Powered by industry vets, St. Louis’ Selequity ready to make its mark in real estate crowdfunding arena

Mark Burkhart

Mark Burkhart

by Dan Rafter

There’s a reason why real estate crowdfunding platforms generate so much attention: Real estate is a proven investment. And until recently, it was out of the reach of most investors.

That is changing. St. Louis-based Selequity is the latest example.

AJ Chivetta

AJ Chivetta

The founders of this newest commercial real estate crowdfunding platform debuted Selequity in May during the TechCrunch Disrupt conference in New York City. Selequity is the first CRE crowdfunding company to participate in the tech conference’s Startup Battlefield, where about 30 new companies competed before venture capitalists for the Disrupt Cup and a $50,000 prize.

Selequity didn’t win this prize. But the founders of the company — AJ Chivetta, Selequity’s chief executive officer, and Mark Burkhart, a founding partner — said that the fact that Selequity was chosen to compete proves that CRE crowdfunding is an important tool today.

“Investors are looking for new ways to invest their money,” said Burkhart, former chief executive officer of Cassidy Turley. “They aren’t satisfied by just investing in the stock market, bonds or traditional investment vehicles. This allows them to invest in commercial real estate. Before, they many investors didn’t have that opportunity.”

Here’s how Selequity works: It’s an online platform connecting accredited investors to professionally operated, private real estate investment deals. Several investors can pool their money together to own portions of these commercial real estate properties.

The owners of these buildings can provide documents and building information to accredited investors through the online platform, giving these investors the tools they need to make educated investment decisions. Once they have invested their dollars, investors can then use Selequity’s online tools to manage the performance of their commercial real estate investments.

“There is a pent-up demand for alternative investments,” Chivetta said. “This is especially true for invstments in real estate, which over time have proven to be very solid investments. It has been very hard for people to access this investment opportunity. Now, through crowdfunding, commercial real estate investments can be open to so many new individuals.”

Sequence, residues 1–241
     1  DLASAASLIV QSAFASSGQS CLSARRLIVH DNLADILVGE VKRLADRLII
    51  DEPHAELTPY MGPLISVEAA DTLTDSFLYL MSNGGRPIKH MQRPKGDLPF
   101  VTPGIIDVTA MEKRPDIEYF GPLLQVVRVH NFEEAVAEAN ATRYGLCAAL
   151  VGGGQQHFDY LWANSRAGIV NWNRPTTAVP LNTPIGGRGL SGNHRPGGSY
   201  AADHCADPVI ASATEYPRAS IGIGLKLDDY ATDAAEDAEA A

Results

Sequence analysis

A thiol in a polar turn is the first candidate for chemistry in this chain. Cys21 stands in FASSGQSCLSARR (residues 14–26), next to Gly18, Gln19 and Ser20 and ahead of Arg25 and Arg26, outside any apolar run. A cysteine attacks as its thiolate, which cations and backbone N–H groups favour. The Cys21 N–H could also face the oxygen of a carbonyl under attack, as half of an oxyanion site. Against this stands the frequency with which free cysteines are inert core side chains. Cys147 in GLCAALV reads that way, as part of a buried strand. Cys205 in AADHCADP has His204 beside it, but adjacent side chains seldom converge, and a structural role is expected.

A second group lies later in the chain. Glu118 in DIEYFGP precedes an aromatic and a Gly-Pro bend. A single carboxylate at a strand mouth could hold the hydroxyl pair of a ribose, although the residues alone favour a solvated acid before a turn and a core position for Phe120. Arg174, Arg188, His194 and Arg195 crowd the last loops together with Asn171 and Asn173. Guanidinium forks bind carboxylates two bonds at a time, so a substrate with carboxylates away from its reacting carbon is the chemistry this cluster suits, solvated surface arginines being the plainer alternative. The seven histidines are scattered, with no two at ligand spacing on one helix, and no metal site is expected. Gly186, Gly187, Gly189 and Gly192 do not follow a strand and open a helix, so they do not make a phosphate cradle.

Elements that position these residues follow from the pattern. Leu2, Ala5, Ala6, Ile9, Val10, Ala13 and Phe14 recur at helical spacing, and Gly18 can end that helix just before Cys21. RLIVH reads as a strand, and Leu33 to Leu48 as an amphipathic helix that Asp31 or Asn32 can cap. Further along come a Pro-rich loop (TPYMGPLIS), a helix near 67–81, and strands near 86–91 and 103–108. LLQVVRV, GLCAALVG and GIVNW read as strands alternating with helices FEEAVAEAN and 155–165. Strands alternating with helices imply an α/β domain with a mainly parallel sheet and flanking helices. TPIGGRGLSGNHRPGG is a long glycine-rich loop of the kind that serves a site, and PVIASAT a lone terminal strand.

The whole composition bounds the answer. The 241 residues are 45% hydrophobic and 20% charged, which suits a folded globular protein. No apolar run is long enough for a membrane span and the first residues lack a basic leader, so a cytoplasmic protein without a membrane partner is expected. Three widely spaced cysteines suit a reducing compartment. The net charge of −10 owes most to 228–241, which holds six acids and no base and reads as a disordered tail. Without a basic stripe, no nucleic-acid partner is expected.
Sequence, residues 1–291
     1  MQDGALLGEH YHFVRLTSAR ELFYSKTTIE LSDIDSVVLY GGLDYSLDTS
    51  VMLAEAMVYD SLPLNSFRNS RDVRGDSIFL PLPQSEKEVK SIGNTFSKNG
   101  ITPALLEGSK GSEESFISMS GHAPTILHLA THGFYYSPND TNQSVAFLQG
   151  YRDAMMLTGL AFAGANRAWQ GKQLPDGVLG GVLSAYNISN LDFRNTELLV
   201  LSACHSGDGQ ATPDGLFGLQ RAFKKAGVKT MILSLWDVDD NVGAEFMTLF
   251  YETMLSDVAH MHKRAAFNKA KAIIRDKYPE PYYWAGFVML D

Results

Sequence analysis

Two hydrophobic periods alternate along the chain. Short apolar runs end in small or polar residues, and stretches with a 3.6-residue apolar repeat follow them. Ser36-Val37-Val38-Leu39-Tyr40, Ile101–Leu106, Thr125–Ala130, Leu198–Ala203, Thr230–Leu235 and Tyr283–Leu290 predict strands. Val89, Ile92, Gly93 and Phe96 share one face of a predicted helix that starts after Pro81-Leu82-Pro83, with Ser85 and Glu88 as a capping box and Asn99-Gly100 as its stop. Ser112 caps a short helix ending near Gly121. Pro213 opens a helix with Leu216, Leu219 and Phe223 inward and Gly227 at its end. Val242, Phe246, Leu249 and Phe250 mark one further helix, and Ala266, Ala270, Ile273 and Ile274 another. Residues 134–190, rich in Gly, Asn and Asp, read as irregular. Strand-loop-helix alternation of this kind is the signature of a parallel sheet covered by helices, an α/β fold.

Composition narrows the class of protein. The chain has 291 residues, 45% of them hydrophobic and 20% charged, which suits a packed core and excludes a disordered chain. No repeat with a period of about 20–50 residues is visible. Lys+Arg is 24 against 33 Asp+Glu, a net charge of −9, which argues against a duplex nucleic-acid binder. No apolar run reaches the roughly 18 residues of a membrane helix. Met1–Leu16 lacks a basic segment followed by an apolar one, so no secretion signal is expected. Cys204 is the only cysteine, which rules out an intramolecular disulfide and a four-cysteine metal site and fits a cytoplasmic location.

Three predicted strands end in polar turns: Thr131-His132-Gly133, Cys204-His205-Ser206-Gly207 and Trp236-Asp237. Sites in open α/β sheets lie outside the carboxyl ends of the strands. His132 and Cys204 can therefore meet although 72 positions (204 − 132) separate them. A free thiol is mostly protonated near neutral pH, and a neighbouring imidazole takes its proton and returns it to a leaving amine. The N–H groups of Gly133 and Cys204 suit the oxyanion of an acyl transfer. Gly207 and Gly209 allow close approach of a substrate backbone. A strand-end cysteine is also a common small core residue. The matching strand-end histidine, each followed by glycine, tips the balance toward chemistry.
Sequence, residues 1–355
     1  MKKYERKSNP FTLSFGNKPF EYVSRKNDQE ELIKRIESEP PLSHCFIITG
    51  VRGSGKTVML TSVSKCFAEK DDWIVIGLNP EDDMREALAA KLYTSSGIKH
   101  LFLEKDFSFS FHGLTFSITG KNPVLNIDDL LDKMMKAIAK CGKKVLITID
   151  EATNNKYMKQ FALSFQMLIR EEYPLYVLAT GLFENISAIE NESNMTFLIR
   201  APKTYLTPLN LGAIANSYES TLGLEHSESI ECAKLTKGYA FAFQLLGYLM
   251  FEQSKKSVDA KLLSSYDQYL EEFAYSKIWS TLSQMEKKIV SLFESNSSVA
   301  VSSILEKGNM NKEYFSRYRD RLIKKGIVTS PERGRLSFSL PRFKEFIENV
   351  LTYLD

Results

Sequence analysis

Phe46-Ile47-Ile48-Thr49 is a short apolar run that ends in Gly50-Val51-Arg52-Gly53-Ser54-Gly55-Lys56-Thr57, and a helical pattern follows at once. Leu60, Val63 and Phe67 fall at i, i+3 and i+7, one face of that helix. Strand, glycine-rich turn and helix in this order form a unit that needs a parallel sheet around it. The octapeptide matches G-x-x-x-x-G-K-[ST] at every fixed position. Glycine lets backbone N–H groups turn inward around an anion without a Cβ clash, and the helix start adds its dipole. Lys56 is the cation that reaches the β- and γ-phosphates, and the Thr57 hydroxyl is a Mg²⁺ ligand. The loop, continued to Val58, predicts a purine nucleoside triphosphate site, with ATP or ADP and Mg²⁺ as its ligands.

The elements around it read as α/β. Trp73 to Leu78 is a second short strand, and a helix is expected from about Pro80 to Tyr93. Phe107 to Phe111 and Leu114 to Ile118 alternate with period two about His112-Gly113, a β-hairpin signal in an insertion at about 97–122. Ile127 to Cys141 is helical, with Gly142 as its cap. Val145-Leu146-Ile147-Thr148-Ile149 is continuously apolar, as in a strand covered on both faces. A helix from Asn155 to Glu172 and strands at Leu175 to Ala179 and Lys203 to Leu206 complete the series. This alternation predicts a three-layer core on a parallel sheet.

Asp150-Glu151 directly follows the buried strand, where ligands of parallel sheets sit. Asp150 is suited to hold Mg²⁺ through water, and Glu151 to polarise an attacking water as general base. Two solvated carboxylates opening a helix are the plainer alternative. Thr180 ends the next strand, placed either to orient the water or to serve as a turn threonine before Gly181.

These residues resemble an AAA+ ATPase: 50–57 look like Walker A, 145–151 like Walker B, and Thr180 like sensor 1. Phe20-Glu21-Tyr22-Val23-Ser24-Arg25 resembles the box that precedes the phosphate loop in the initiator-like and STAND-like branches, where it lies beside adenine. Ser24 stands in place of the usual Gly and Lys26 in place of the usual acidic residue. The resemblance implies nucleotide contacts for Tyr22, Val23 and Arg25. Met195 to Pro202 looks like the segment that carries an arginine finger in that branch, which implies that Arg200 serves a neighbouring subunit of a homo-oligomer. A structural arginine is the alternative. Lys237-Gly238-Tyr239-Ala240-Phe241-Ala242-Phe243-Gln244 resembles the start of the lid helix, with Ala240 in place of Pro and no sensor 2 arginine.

The team behind Selequity has plenty of experience in commercial real estate. Team members worked together at the former Cassidy Turley, building that company into the national firm that today operates as DTZ.

In addition to Burkhart and Chivetta — who, as a partner with the St. Louis office of law firm Armstrong Teasdale, was a member of Cassidy Turley’s legal team — the founders of Selequity include Bill Florent, former chief financial officer of Cassidy Turley, and Maria Desloge, also of Armstrong Teasdale.

Together, these founders managed more than $100 billion in real estate transaction volume and led more than 4,000 real estate professionals in 60 offices across the country.

Parker Condie, president of Coin Acceptors, Inc., a point-of-sale technology company, is also a founding member of Selequity.

“Our team has been together for a long time,” Chivetta said. “To succeed in real estate crowdfunding, you need to understand the investor side and the operator side. We do. We know how deals are put together. If you track the history we all had with Cassidy Turley, you know that we were diligent about the kinds of properties and real estate we wanted to be associated with. We are still diligent about that.”

Burkhart said that Selequity is ready to offer its first commercial property to investors through its online crowdfunding platform. The company will announce this property sometime this summer, Burkhart said.

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